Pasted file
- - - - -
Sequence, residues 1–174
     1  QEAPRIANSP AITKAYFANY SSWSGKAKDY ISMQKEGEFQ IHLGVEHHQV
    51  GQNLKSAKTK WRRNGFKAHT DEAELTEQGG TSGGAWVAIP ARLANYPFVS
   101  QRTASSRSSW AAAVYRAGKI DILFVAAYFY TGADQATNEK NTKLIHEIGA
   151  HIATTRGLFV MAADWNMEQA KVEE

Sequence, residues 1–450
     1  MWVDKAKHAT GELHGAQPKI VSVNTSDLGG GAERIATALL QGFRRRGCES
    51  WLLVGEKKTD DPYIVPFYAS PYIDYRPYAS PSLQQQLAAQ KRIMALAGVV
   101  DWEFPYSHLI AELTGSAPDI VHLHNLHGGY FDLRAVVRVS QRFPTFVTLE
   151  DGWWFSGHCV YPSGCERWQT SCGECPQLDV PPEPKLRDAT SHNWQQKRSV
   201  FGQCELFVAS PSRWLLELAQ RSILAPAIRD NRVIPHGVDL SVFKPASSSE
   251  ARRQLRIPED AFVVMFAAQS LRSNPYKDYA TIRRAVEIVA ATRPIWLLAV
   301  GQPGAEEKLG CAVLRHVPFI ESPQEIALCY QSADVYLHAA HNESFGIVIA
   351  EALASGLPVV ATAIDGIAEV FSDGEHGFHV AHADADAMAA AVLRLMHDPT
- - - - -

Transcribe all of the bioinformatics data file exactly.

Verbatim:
Sequence, residues 1–174
     1  QEAPRIANSP AITKAYFANY SSWSGKAKDY ISMQKEGEFQ IHLGVEHHQV
    51  GQNLKSAKTK WRRNGFKAHT DEAELTEQGG TSGGAWVAIP ARLANYPFVS
   101  QRTASSRSSW AAAVYRAGKI DILFVAAYFY TGADQATNEK NTKLIHEIGA
   151  HIATTRGLFV MAADWNMEQA KVEE

Sequence, residues 1–450
     1  MWVDKAKHAT GELHGAQPKI VSVNTSDLGG GAERIATALL QGFRRRGCES
    51  WLLVGEKKTD DPYIVPFYAS PYIDYRPYAS PSLQQQLAAQ KRIMALAGVV
   101  DWEFPYSHLI AELTGSAPDI VHLHNLHGGY FDLRAVVRVS QRFPTFVTLE
   151  DGWWFSGHCV YPSGCERWQT SCGECPQLDV PPEPKLRDAT SHNWQQKRSV
   201  FGQCELFVAS PSRWLLELAQ RSILAPAIRD NRVIPHGVDL SVFKPASSSE
   251  ARRQLRIPED AFVVMFAAQS LRSNPYKDYA TIRRAVEIVA ATRPIWLLAV
   301  GQPGAEEKLG CAVLRHVPFI ESPQEIALCY QSADVYLHAA HNESFGIVIA
   351  EALASGLPVV ATAIDGIAEV FSDGEHGFHV AHADADAMAA AVLRLMHDPT